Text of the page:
Medicare should provide subsidies to directly a person’s PHA accounts when feasible. The amount of these subsidies could be done on a global or generalized basis (e.g. a flat $500 subsidy to help cover primary care services) or to cover a particular service or product. These Medicare subsidies should be based on standard values determined for a particular service as determined by the Medicare.

These additional subsidies (deposits) should be earmarked and then flow to provider as payment in a timely and transparent manner.

The super-utilizers

It is estimated that this 5% of people account for over 50% of health care dollars in the current system. “Super-utilizers” is a term used to describe these chronically ill patients who have frequent ER visits and inpatient care (hospitals, nursing facilities). Most of them have very poor socioeconomic situations, getting them efficient care while reducing costs is a challenge. This is not a fully static group of people but many are persistently heavy utilizers year-after-year.

A technique called “hot spotting” has proven useful in identifying and helping these people but current economics have made it difficult to expand and duplicate such projects. Several provider organizations, such as Camden Coalition of Health Care Providers (which coined hot-spotting), CareMore, and Chen Senior Medical Centers, have demonstrated success in organizing care models around these patients. Enhanced primary care, mental health care, substance abuse treatment, and social work have been the common themes among them. Supporting these intensive types of outpatient, team-based programs is not cheap. More high-needs patients (including those being supported by Medicare) could freely choose these type of programs. CMS should also flag these super-utilizers and provide extra support (financially, social workers) to make sure they are enrolled in appropriate outpatient services to maximize the value of health care dollars. Additional support could be provided by CMS grants to state or local organizations to provide extra social supports in areas of high need.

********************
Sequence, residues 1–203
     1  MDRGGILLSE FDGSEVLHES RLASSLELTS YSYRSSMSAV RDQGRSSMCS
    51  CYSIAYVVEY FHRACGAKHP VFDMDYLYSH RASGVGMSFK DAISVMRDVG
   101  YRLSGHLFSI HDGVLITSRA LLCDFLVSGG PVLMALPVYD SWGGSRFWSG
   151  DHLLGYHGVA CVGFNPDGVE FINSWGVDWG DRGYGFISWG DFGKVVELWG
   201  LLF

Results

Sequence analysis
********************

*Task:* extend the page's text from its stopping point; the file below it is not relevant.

New, creative solutions would likely emerge when providers are freed from the administrative burden of Medicare billing rules.

Donut holes & supplemental private insurance plans

The 3-layers of coverage 1) PHA funds, 2) out-of-pocket (deductible), 3) Medicare coverage would create a “donut hole” for some people; progressively increasing with higher income. The maximum per family would be capped at $7,500 deductible and $4,000 coinsurance per year. This is lower than many current insurance plan deductibles and maximum out-of-pocket limits. However, if people prefer to eliminate such a donut hole or liability in their coverage, they would be free to buy private “gap” or “supplemental” insurance plans if desired (as is currently done by many Medicare beneficiaries).



The most vulnerable and expensive group of people in terms of health care in this country are those that require the needs of long term care services and supports (LTSS). This includes disabled people living in nursing homes, assisted-living facilities, and those receiving home health care services. The majority of disabled people are elderly, but these type of needs span all ages and incomes. Although not traditional medical care, assuring these people have appropriate and safe living situations has an enormous benefit to a person’s health and resultant medical costs.

Currently, 10% of health care dollars (50% of Medicaid budget) are spent on LTSS. Despite this, many disabled people are still not getting what they need in an affordable and efficient way. Including this form of living assistance within traditional medical care plans has proven to be difficult and makes reform more complicated.

Federalization of LTSS assistance, inequities and incentives

The history of Medicaid and Medicare program involvement in LTSS is long and complicated. While some responsibilities have been retained with states, federal Medicaid regulation has driven many aspect of the types of assistance provided to people and the industry itself. In recent decades an increasing amount of the Medicaid budget has been consumed by elderly people in need of LTSS. These people on both Medicare and Medicaid are called “dual-eligibles”.

Historically, there have been many perverse incentives built into federal laws governing coverage of LTSS. There has been some attempt to align these patients needs under a more streamlined system, yet, inefficiencies and waste abound. For many decades federal Medicaid rules have encouraged inpatient LTSS in facilities by mandating their coverage, but often not covering home-based assistance services. This has encouraged many families to choose expensive long-term care facilities when they may have been capable of living at home if receiving adequate support. Some states and the ACA have tried to equalize coverage of home-based services, but those efforts could be furthered if state and local programs were freed from Medicaid restrictions.

Returning control to the states and transitional funds